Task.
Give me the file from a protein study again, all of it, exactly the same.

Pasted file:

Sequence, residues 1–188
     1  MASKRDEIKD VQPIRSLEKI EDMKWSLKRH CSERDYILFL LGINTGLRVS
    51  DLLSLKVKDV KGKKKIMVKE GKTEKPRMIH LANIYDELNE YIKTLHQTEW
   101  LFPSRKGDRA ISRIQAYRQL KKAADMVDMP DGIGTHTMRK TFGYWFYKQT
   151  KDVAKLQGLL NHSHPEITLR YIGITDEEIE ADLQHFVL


Sequence, residues 1–188
     1  MASKRDEIKD VQPIRSLEKI EDMKWSLKRH CSERDYILFL LGINTGLRVS
    51  DLLSLKVKDV KGKKKIMVKE GKTEKPRMIH LANIYDELNE YIKTLHQTEW
   101  LFPSRKGDRA ISRIQAYRQL KKAADMVDMP DGIGTHTMRK TFGYWFYKQT
   151  KDVAKLQGLL NHSHPEITLR YIGITDEEIE ADLQHFVL